Perhaps most alarmingly, when the City’s investigator requested a copy of the Uber insurance policy (a reasonable request if you signing up to do business with Uber), the company was unable to provide one.
Uber is hoping to re-enter Vancouver in the near future, and no doubt the company plans to expand to other cities in Canada down the road. However, when you hear stories like the one presented by The Globe and Mail, it’s easy to understand why the company so often runs into problems when it reaches new territories.
We spoke to The Insurance Bureau of Canada about this situation to try to get a better idea of the situation above might play out if a driver were to try and file the incident under their own insurance. The answer was pretty clear. Pete Karageorgos, Director, Consumer and Industry Relations for IBC, said that while the Bureau doesn’t like to tell people what they should or shouldn’t do, the only way an insurance company would pay out a claim like this is if the driver has his or her own commercial insurance coverage. One of the first questions the person would be asked by their insurance company would be who was in the car and how they knew that person. If the claimant revealed that it was someone they were transporting in exchange for payment, it wouldn’t be covered.
Over all, the Insurance Bureau of Canada line on the matter hasn’t changed much from the last time it spoke out on this issue: If you’re going to start driving for any ride share program, you need to check with your insurance provider if what you’re doing will mean a change in your policy. This is a problem that existed long before Uber or any other ride share program launched. If you buy a new car, if you modify your car, if your son or daughter or husband or wife gets their license, your insurance company has to know, even if they’re not going to be driving your car.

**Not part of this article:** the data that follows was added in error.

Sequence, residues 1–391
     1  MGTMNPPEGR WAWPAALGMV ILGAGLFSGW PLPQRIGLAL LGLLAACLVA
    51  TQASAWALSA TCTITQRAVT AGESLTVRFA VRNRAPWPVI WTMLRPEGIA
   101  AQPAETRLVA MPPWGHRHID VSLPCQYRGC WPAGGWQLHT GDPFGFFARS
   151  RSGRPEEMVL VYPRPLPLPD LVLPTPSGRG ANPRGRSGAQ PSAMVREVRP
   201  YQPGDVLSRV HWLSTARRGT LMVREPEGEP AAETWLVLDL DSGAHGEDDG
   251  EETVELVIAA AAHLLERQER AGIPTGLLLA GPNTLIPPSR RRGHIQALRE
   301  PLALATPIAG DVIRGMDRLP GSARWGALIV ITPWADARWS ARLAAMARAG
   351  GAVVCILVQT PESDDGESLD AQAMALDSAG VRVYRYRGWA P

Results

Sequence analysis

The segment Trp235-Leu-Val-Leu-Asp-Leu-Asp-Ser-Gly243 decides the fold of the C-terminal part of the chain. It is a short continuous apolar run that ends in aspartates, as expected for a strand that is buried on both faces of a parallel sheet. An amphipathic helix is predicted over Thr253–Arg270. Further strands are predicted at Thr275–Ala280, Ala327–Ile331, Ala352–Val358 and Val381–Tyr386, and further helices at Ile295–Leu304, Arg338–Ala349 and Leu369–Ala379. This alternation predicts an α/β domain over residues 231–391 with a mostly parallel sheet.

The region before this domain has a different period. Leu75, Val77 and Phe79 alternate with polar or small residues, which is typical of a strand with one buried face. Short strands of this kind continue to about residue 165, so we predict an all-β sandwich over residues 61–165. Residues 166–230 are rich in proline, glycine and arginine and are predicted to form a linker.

Really, what is needed is specific laws and coverage relating to rideshares. As it stands, things are very black and white. Your vehicle is either used for commercial use or it isn’t. Pete Karageorgos explained to us that because insurance is regulated at a government level, any application for insurance will start with a questionnaire that becomes part of your policy, part of your contract with the insurance company. This list of questions includes your age, the type of car you drive, how often your drive, if you carpool, and if you use your car for work. If you answer ‘yes’ to that last question and you drive for Uber, your coverage can’t be guaranteed.
We reached out to Uber Toronto for comment on the claims made in The Globe and Mail as well as clarification on how its insurance covers drivers (and whether drivers are encouraged to first make claims on their own insurance instead of Uber’s) but have yet to receive any response.
[source]Engadget, Metromile, Globe and Mail, MobileSyrup[/source]